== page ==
Gardeners’ World episode 6 2011

Gardeners’ World episode 6 2011

Gardeners’ World episode 6 2011: An hour-long episode of the gardening programme. At Longmeadow, Monty Don shows which plants to choose for sensational borders right through the summer – from ornamental grasses to late flowering perennials. He also plants out squashes and pumpkins, as well as making his own comfrey feed.



Carol Klein is at Glebe Cottage giving advice on the best hardy geraniums for different situations and sharing tips on how to lift, divide and propagate them.

She also visits the remarkable gardens of Waltham Place where the landscape is deliberately left untamed and even weeds are allowed to flourish. She discovers what plants work best in this low maintenance gardening style and learns how to create this type of naturalistic planting.

Joe Swift is at Cothay Manor to discover what it takes to maintain 12 acres of stunning gardens and to see their many garden rooms, each a gem in its own right. And Rachel de Thame is at RHS Wisley getting advice from the experts on how to prune wisteria to get maximum flowers next spring.


Gardeners’ World episode 6 2011


Gardeners’ World is a long-running BBC Television programme about gardening, first broadcast on 5 January 1968 and still running as of 2019. Its first episode was presented by Ken Burras and came from Oxford Botanical Gardens. The magazine BBC Gardeners’ World is a tie-in to the programme. Most of its episodes have been 30 minutes in length, although there are many specials that last longer. The 2008 and 2009 series used a 60-minute format as did the 2016 series from episode 23, for eight episodes in total.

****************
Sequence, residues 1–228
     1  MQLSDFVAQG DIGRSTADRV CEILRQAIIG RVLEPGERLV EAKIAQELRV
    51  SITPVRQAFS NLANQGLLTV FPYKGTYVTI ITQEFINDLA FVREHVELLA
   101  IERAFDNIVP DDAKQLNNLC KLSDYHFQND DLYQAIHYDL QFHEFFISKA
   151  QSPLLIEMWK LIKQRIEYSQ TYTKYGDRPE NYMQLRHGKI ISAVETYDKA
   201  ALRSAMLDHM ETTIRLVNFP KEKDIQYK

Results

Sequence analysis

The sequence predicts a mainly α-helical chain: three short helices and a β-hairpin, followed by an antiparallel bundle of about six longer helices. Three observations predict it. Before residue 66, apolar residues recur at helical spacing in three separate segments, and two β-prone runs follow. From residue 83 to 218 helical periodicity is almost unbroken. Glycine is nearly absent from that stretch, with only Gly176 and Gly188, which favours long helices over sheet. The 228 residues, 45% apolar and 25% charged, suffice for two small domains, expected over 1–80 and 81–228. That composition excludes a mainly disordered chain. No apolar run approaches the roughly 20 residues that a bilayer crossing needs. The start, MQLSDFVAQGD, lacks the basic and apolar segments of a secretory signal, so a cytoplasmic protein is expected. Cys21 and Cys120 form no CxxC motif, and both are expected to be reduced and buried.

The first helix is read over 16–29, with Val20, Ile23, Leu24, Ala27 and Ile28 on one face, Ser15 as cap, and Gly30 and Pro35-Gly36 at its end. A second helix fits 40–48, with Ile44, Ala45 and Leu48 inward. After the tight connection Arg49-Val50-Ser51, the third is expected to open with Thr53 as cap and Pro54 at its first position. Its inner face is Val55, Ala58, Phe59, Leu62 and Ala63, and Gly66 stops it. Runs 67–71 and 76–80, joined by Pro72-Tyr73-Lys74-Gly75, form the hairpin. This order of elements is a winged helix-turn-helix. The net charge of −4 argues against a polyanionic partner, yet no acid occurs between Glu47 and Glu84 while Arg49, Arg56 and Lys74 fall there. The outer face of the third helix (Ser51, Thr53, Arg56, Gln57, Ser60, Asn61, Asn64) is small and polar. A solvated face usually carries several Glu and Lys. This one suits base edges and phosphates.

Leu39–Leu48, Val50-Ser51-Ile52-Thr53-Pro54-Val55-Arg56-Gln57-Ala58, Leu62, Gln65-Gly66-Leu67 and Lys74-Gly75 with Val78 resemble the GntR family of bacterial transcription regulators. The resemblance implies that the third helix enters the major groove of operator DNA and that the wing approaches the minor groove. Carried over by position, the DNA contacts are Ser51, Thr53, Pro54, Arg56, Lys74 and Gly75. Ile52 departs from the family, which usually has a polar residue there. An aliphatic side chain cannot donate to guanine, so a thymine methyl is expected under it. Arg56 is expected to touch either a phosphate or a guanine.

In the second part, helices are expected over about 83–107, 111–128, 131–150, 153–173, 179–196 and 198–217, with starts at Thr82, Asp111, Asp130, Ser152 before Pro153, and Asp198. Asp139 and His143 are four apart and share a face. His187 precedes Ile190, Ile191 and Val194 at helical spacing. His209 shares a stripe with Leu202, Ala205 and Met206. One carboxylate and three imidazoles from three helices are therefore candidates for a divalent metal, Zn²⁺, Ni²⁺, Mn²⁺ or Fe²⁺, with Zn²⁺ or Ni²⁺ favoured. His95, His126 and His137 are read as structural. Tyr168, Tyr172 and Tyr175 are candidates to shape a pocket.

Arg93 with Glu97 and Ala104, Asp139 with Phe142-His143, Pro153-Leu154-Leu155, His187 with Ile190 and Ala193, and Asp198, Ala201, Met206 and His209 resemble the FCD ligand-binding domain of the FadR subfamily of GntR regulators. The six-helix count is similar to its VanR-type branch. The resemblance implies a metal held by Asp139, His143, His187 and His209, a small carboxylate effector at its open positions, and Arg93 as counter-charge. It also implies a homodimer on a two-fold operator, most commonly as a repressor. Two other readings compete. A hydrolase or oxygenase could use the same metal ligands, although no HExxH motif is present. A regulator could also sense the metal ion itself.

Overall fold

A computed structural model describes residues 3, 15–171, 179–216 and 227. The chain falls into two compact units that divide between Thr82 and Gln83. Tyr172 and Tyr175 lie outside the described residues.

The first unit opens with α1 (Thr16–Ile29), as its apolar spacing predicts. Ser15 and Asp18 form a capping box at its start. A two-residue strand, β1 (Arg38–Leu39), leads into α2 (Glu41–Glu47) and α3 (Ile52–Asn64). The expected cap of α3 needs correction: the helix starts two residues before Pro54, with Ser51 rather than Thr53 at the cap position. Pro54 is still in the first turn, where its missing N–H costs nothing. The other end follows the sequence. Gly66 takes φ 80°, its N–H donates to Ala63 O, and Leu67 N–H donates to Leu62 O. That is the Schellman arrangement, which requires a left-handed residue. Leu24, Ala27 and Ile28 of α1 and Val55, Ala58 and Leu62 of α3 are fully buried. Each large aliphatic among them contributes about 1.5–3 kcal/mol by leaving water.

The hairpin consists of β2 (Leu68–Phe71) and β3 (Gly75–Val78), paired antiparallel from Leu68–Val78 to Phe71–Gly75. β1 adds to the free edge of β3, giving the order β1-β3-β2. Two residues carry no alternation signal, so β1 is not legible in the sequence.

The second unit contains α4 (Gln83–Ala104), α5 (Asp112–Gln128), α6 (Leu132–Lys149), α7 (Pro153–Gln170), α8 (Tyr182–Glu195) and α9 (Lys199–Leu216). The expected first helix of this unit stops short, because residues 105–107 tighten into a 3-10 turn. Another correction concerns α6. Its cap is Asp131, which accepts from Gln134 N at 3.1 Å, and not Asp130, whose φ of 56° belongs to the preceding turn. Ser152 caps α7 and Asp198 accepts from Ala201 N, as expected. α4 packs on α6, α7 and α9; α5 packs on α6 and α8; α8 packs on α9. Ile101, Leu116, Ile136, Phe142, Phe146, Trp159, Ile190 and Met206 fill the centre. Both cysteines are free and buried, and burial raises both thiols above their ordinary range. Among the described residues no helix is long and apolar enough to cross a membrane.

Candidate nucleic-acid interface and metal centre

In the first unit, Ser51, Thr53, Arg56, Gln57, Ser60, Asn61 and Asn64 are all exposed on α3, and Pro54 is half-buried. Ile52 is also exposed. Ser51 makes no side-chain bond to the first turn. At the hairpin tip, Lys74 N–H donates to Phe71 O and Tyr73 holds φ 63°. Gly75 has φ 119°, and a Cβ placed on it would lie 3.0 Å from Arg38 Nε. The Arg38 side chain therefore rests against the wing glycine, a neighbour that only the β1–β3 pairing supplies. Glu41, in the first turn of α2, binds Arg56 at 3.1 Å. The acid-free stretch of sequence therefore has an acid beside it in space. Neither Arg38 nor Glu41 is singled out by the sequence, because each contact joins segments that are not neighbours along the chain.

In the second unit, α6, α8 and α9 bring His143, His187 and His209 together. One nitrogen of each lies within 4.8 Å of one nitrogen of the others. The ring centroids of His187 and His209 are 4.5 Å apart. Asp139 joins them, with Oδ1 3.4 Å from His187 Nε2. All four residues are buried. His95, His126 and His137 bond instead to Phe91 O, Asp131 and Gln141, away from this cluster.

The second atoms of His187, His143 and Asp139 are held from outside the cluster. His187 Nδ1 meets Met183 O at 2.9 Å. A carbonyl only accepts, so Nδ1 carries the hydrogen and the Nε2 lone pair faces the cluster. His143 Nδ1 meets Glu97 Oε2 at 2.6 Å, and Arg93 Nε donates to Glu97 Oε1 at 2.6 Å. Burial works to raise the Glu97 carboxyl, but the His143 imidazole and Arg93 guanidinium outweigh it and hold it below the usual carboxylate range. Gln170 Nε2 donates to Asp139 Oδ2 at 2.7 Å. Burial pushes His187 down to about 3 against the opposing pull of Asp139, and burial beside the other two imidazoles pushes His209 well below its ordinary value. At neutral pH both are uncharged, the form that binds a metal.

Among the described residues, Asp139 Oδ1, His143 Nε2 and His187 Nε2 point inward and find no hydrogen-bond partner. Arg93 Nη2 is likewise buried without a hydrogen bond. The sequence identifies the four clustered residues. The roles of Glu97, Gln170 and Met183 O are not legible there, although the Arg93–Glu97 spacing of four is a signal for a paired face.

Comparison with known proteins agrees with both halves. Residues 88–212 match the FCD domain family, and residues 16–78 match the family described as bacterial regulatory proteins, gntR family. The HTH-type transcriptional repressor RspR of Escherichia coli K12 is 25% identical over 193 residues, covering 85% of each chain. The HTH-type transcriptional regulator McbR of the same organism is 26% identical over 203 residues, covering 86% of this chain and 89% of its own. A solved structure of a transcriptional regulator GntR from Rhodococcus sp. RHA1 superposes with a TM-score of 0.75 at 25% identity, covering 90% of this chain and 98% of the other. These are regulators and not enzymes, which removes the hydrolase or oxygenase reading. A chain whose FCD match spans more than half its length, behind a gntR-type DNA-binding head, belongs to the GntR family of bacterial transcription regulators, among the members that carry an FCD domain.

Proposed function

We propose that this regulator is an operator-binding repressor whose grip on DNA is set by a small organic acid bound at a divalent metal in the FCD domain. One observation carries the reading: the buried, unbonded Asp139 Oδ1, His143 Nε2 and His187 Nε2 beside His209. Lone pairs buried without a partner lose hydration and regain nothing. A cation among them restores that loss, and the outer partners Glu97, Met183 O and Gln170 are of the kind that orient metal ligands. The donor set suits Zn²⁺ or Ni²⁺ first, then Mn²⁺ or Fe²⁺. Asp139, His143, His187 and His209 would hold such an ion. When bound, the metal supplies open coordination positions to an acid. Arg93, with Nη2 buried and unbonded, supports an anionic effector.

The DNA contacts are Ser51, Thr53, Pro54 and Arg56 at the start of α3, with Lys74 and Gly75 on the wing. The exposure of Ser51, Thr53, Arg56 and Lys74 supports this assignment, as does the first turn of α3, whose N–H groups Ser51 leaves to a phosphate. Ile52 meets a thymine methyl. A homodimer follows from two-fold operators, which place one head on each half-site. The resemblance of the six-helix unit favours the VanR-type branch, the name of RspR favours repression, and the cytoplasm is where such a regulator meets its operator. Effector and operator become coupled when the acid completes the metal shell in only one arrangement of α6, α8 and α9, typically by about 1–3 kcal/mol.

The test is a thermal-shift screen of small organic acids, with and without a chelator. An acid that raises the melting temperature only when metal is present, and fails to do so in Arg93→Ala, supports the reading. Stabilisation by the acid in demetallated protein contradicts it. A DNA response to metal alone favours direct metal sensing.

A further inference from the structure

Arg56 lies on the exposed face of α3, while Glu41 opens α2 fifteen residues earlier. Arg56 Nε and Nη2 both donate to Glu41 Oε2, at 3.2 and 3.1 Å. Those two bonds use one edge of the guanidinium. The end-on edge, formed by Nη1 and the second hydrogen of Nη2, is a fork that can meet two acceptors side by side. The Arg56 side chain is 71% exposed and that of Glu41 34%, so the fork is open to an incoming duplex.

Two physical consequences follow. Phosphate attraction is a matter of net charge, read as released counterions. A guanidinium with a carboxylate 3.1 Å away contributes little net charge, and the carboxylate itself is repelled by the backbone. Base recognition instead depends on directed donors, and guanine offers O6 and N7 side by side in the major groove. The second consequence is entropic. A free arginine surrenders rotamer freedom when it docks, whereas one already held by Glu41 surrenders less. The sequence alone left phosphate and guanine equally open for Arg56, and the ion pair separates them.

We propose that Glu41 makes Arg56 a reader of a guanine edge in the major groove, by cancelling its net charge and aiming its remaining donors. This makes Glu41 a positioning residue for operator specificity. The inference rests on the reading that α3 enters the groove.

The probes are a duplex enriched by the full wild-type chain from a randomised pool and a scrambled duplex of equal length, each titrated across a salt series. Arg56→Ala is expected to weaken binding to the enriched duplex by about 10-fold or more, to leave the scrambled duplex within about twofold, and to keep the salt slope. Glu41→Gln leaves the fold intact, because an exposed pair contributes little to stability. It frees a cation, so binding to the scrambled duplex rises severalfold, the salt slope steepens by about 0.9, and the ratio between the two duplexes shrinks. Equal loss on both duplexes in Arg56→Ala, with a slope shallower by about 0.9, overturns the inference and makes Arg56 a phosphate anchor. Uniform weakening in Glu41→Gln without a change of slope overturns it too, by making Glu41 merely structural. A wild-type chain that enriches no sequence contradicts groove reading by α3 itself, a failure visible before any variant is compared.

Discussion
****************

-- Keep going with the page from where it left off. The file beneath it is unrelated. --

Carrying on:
Monty Don

Monty Don was born in West Berlin to British parents Denis Thomas Keiller Don, a career soldier posted in Germany, and Janet Montagu (née Wyatt). Both of his paternal grandparents were Scottish, through whom he is descended from botanist George Don and the Keiller family of Dundee, inventors of a brand of marmalade in 1797. On his maternal side, he is descended from the Wyatts, who were a prominent dynasty of architects. Both parents died in the 1980s. Don has a twin sister, an elder brother David, and two other siblings. His twin suffered a broken neck and blindness after a car crash, at the age of 19. Don describes his parents as being “very strict”.

Don was educated at three independent schools: Quidhampton School in Basingstoke, Hampshire, Bigshotte School in Wokingham, Berkshire, and at Malvern College in Malvern, Worcestershire, a college he hated. He then attended a state comprehensive school, the Vyne School, in Hampshire. He failed his A levels and while studying for re-takes at night school, worked on a building site and a pig farm by day. During his childhood he had become an avid gardener and farmer. He was determined to go to Cambridge out of “sheer bloody-mindedness”, attending Magdalene College, where he read English and met his future wife Sarah. He was a Cambridge Half Blue for boxing.

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